This should return something similar to this:

      "name" : "my-elasticsearch-node",
      "cluster_name" : "NameOfYourCluster",
      "cluster_uuid" : "7kj65asfjuu9a1vcf6e345asd65dfg",
      "version" : {
        "distribution" : "opensearch",
        "number" : "2.6.0",
        "build_type" : "deb",
        "build_hash" : "abcdef1234567890",
        "build_date" : "2021-03-18T06:04:15.345676Z",
        "build_snapshot" : false,
        "lucene_version" : "9.5.0",
        "minimum_wire_compatibility_version" : "7.10.0",
        "minimum_index_compatibility_version" : "7.0.0"
      "tagline" : "The OpenSearch Project:"
Install the rootCA.crt on the DataMiner server

To build trust between DataMiner and OpenSearch, so that DataMiner can connect to the OpenSearch database, install the rootCA.crt on the DataMiner server:

  1. Stop the DataMiner Agent.

  2. Double-click the rootCA.crt file on the DataMiner server.

  3. Use Local Machine as Store Location when adding the certificate, and place the certificate in Trusted Root Certification Authorities.

  4. Once the certificate has been imported, add the full HTTPS URL (including the port) in the DataBase.DBServer tag of the DB.xml file. Using the IP of the node with the cluster_manager role is preferable.

    For example:

    <DataBase active="True" type="Elasticsearch" search="true">

    The user and password provided should be defined in the \etc\opensearch\opensearch-security\internal_users.yml file.

  5. Restart the DataMiner Agent.

  6. Check in the SLSearch.txt, SLDataGateway.txt, and SLDBConnection.txt log files (in the folder C:\Skyline DataMiner\Logging) whether any errors have occurred.

Setting up OpenSearch Dashboards

Optionally, you can set up OpenSearch Dashboards, which is the equivalent of Kibana for Elasticsearch. To do so, follow the instructions under Installing OpenSearch Dashboards (Debian).

You can for example install this on a Ubuntu Server from an APT repository or using .deb-packages. You will then be able to connect to your server using http(s)://ipaddress:5601(example: http(s)://

To configure TLS, instead of using .pem certificates as recommended in the OpenSearch documentation, we recommend using .p12 files for trust and keystore. You can generate these using the Generate-TLS-Certificates script maintained by the Skyline security team.

To configure OpenSearch Dashboards to use .p12 files, add the following to /etc/opensearch-dashboards/opensearch_dashboards.yml:

# OpenSearch Dashboards is served by a back end server. This setting specifies the port to use.
server.port: 5601

# Specifies the address to which the OpenSearch Dashboards server will bind. IP addresses and host names are both valid values.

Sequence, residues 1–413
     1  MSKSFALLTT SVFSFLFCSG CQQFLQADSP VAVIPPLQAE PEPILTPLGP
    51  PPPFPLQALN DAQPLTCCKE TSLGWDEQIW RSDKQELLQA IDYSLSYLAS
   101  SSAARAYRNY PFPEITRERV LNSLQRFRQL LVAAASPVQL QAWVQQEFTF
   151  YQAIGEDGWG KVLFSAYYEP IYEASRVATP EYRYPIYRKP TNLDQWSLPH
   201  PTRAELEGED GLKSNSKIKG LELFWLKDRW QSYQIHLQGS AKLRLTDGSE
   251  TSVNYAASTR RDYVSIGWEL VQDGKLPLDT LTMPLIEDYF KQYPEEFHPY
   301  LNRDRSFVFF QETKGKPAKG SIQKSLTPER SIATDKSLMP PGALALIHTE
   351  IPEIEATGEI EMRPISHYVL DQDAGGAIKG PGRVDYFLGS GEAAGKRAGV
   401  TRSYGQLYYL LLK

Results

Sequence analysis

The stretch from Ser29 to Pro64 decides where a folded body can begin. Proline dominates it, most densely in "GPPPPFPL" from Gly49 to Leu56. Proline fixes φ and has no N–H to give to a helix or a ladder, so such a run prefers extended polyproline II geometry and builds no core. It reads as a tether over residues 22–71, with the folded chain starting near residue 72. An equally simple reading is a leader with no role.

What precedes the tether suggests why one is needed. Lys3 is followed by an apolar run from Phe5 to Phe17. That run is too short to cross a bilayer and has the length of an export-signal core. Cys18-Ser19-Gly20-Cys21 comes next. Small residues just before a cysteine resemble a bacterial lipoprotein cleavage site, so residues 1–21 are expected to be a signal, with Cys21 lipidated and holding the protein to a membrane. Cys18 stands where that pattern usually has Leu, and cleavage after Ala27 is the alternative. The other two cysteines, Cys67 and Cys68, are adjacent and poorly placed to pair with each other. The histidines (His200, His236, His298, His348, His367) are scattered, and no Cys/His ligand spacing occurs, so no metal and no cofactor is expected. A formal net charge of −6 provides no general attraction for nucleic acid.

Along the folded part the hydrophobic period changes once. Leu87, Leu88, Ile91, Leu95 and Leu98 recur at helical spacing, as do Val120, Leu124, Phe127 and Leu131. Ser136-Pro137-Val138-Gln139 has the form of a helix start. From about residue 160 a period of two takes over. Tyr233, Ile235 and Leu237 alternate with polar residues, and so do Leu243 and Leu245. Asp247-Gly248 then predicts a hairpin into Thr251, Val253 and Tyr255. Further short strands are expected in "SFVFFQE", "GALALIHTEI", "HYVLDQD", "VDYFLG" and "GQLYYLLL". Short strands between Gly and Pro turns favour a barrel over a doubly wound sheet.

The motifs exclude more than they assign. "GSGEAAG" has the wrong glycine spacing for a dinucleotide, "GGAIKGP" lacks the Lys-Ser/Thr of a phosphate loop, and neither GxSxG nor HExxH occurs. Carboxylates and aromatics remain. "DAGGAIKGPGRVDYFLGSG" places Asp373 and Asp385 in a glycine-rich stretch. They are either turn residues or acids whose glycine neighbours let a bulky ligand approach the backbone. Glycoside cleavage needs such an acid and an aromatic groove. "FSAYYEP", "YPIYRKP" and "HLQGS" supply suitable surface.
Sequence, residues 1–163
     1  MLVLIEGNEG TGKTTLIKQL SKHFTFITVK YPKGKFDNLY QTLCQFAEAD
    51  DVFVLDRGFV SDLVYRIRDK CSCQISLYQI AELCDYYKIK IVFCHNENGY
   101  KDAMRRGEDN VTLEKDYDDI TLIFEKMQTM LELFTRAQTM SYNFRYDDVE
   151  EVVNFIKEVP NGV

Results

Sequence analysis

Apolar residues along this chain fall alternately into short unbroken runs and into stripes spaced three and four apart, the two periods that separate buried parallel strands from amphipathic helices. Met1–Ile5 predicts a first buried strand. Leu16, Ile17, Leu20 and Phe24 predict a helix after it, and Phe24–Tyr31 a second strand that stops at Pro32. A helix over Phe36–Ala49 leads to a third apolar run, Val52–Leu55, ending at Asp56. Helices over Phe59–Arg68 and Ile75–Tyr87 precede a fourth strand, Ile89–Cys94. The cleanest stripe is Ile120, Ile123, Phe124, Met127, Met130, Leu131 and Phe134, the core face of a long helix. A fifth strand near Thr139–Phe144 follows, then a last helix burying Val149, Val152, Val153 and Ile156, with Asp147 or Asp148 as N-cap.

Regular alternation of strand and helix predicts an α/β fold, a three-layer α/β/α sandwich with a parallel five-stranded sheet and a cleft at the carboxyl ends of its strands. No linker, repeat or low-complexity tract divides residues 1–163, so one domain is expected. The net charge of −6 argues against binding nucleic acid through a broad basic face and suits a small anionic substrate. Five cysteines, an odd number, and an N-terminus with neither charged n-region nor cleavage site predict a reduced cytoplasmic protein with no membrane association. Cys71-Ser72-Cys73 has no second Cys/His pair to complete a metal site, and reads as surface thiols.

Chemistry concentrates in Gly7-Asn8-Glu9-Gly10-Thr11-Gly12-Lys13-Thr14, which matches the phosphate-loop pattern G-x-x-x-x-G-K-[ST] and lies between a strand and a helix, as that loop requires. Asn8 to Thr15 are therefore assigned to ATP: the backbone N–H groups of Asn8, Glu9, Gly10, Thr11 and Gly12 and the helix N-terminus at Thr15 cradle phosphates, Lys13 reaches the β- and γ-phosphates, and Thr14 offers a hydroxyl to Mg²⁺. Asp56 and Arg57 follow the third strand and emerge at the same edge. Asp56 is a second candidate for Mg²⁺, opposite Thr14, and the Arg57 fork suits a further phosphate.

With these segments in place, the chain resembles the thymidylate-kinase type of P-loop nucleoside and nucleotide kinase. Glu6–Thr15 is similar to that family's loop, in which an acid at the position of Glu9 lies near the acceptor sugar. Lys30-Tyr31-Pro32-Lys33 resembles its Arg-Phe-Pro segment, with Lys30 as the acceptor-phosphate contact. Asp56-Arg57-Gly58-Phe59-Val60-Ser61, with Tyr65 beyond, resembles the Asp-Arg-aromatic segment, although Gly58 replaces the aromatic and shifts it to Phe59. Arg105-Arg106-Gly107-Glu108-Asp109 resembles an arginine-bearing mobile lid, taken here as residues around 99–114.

# The default is 'localhost', which usually means remote machines will not be able to connect.
# To allow connections from remote users, set this parameter to a non-loopback address. Example:

# The URLs of the OpenSearch instances to use for all your queries.
# Can be one ipAddress in case of a single node, but can also be multiple in case of an cluster, below is an example for a cluster consisting of three nodes
opensearch.hosts: ["","",""]

# This setting is for communication between OpenSearch Dashboards and the web browser. Set to true for HTTPS, false for HTTP.
server.ssl.enabled: true

# In below example, we created a cert folder in /etc/opensearch and copied the .p12 files over that were generated with the generate-tls-certificates scripts.
server.ssl.keystore.path: "/etc/opensearch/cert/FQDN-node-keystore.p12"
server.ssl.keystore.password: "KeyStorePasswordComesHere"

# This setting is for communication between OpenSearch and OpenSearch Dashboards. Valid values are full, certificate, or none. We recommend full if you enable TLS, which enables hostname verification. certificate just checks the certificate, not the hostname, and none performs no checks (suitable for HTTP). Default is full.
opensearch.ssl.verificationMode: certificate

# If opensearch.ssl.verificationMode is full or certificate, specify the full path to one or more CA certificates that comprise a trusted chain for your OpenSearch cluster. For example, you might need to include a root CA and an intermediate CA if you used the intermediate CA to issue your admin, client, and node certificates.

# Below is an example of the rootCA.crt certificate that was generated using the generate-tls-certificates from the Skyline public GitHub repository. See also "Update the trusted root certificates with rootCA.crt" topic further up in this help file.
opensearch.ssl.certificateAuthorities: ["/usr/local/share/ca-certificates/rootCA.crt"]

# If your OpenSearch is protected with basic authentication(using the /etc/opensearch/opensearch-security/internal_users.yml), these settings provide the username and password that the OpenSearch Dashboards server uses to connect to OpenSearch.
# More information can be found here: and
opensearch.username: userName
opensearch.password: pwd

See also: OpenSearch Documentation

Connecting your DMS to an OpenSearch cluster

To configure the connection to an OpenSearch database: